When M. Knight Shyamalan cast non-Asian actors in his film adaptation of the Asian inspired series “Avatar: the Last Airbender” it sparked major controversy resulting in multiple boycotts and protests from the Asian community. When CBS cast Asian American actress Lucy Liu as Watson in their modernization of the Sherlock Holmes franchise “Elementary” nobody paid much attention at all causing me to wonder “What’s the difference?” Was it racist to change the races of these characters from Asian to white or vise verse? As Webster’s dictionary defines it, racism is the belief that race is the primary determinant of human traits and those racial differences produce an inherent superiority of a particular race. Do you think these race changes are because either race is being interpreted as inferior or superior? Let’s take a look.
I’m going to go ahead and throw out the case of “The Last Airbender”” because the movie takes place in a world where Asia doesn’t even exist… so the casting of non-Asian actors is irrelevant. Instead let’s take a look at one of the first movies I remember where a character’s race was intentionally changed, 2003’s Daredevil. Now, most comic nerds know that the Marvel Comics villain known as the Kingpin is white but “Daredevil’s” creators decided for some reason he should be portrayed by a black actor (Michael Clarke Duncan). Kingpin wasn’t cast as a black actor because its creators felt the black race is superior to all others. In all likelihood a black actor was cast in this role in an effort to appear more inclusive to other races since all the other cast members were white. In the case of “Elementary” I’m sure it’s creators thought that casting Watson as not only Asian but also a woman would cause a bit of positive buzz about the show so it doesn’t necessarily point to racism just an attempt at cheap promotion. The character Watson could have been cast as an asexual robot and achieved the same effect. So no, the action of switching out the race of a character is not in and of itself racist… unless done for racist reasons. I mean, if someone felt that changing a character’s race would improve that character how else could you interpret that action other than racist?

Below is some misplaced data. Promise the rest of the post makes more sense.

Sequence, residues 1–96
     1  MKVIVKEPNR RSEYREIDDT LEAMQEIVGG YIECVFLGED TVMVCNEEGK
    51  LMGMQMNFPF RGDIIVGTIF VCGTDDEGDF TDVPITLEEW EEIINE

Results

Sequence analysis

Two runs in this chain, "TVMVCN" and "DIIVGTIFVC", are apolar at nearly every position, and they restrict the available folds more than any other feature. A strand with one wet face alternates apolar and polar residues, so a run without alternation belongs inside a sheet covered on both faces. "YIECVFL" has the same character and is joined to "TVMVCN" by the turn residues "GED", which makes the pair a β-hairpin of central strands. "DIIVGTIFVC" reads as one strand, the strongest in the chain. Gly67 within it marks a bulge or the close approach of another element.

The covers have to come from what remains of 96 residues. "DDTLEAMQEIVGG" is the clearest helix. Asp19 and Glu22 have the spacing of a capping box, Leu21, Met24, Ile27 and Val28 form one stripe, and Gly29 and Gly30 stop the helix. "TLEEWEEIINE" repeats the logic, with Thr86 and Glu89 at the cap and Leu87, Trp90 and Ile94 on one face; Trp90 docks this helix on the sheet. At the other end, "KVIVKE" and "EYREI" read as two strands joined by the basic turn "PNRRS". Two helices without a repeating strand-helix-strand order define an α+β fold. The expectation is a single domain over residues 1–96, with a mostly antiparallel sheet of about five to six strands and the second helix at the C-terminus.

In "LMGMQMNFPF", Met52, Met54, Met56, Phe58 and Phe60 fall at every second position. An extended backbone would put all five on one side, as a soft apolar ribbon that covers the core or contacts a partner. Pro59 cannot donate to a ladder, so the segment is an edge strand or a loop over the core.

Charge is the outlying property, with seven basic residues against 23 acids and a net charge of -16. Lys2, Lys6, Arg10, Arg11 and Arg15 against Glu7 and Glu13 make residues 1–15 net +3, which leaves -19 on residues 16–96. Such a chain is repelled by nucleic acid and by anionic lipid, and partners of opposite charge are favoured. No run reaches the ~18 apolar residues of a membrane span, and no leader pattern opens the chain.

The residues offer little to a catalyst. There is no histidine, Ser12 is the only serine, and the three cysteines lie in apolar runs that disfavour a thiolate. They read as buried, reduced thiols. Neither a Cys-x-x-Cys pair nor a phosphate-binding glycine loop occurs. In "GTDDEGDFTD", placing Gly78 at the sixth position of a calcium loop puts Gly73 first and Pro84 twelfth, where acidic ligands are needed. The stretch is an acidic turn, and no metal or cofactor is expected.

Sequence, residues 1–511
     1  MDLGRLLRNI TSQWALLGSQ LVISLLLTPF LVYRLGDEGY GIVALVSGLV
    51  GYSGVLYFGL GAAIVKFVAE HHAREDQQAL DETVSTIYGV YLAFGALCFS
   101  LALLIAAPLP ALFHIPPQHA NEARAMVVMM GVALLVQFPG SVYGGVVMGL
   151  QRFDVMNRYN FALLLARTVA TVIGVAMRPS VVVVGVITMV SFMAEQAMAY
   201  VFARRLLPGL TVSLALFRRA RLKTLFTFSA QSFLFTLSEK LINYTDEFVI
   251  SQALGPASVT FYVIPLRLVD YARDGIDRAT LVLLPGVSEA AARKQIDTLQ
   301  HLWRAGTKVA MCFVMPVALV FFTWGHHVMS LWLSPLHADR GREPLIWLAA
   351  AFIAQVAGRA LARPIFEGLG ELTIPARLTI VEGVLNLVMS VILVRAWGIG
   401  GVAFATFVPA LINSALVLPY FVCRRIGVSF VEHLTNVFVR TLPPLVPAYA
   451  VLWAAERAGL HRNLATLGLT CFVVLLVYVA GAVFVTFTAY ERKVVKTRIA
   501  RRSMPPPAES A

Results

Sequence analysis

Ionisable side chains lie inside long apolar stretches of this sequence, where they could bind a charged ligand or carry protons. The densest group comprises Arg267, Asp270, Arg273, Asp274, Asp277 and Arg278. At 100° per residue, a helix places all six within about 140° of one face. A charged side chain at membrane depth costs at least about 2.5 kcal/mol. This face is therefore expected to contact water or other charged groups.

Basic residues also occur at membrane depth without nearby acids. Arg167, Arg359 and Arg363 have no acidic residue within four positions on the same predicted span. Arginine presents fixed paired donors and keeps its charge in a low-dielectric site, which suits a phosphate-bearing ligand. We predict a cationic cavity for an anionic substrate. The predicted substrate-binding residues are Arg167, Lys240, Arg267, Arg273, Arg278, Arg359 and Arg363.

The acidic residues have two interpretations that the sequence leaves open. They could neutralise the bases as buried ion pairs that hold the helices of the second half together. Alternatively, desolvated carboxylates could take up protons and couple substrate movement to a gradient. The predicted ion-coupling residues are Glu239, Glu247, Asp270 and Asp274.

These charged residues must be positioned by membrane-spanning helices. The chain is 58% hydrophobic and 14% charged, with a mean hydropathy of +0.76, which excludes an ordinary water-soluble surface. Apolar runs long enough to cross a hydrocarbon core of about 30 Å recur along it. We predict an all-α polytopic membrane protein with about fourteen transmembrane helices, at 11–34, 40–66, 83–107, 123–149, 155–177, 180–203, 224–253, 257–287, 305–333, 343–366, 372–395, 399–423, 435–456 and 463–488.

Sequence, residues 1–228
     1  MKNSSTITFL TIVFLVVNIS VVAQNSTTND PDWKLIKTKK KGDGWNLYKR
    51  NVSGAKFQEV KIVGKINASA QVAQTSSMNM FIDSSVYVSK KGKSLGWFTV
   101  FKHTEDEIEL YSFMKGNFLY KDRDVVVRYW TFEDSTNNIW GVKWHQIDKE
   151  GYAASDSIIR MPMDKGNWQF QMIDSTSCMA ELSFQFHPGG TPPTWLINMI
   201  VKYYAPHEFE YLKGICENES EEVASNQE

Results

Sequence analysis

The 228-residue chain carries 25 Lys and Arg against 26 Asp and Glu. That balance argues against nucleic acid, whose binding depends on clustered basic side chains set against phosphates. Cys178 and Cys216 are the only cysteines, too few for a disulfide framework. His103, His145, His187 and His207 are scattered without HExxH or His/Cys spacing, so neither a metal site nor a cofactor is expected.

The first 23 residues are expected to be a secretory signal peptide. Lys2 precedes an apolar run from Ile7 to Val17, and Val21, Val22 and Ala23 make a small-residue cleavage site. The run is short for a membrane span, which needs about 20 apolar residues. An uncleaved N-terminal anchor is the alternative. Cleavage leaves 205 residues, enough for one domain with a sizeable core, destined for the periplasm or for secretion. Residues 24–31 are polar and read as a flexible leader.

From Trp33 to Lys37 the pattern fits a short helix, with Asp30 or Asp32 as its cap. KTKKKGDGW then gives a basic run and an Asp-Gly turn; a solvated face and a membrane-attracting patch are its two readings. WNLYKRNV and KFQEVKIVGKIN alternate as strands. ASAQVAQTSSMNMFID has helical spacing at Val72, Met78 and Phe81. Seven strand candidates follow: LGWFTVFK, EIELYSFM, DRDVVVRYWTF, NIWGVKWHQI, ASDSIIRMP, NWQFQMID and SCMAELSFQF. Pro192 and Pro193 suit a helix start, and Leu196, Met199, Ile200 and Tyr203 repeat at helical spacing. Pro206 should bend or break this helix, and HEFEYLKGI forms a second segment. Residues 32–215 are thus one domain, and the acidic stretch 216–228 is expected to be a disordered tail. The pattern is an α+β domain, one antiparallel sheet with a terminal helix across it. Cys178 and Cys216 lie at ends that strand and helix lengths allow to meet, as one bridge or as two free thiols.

In 2007 a British movie titled “Death at a Funeral” was released in America to critical acclaim. Three short years later Chris Rock decided the movie would be much better if 98% of the cast was replaced by people of a different color skin. I will never know exactly why Chris Rock feels this way but the very fact that he does makes me a little uneasy. Just think, “Boyz n Da Hood” is a great movie, perhaps Clint Eastwood could improve upon it by replacing all the black actors with white ones…. But wouldn’t that be racist? Yes, for those reasons it would be racist. So why is a black version of “Death at a Funeral” acceptable but an all-white version of “The Last Airbender” is an outrage? You see it’s one thing to say “This is racist and shouldn’t be done!” and it’s another to say “This is racist… but not when I do it.” We have a word for that and it’s called hypocrisy and it happens all the time. What if the 2008 “Iron Man” movie portrayed the iconically black character James Rhodes’ (aka War Machine) as a white actor? I can see the picket lines forming at the mere thought of it but in the very same movie the character Nick Fury has been changed from white to black without a fuss. Another example is the 2005 movie “The Honeymooners” based on the iconic show from the 50’s.The entire cast was portrayed by black actors for no apparent reason at all. Were there protests, boycotts and public outrage? None at all. I doubt an all-white version of “Goodtimes” might produce the same results. Why the hypocrisy America?
I think the best way to keep everybody happy is to just end the practice of changing races all together, not only for political correctness but for the mere fact that race IS an important character trait. Sure, being white doesn’t define the Kingpin character in “Daredevil” but it’s certainly a big part of who he is just as being black doesn’t make War Machine who he is but changing his race would alter the character beyond recognition. Just imagine if the color of Superman’s cape in the new “Man of Steel” movie is green … sure, the cape doesn’t define the Superman character but such a drastic change just wouldn’t feel right for the sole reason that…. Well, it isn’t. Superman’s cape is red simply because it’s supposed to be; it’s as simple as that! So there you have it folks, race doesn’t necessarily define a character but Hollywood should still stop tinkering with ethnicities not because it’s racist (unless it’s done for racist reasons) but because it just isn’t right.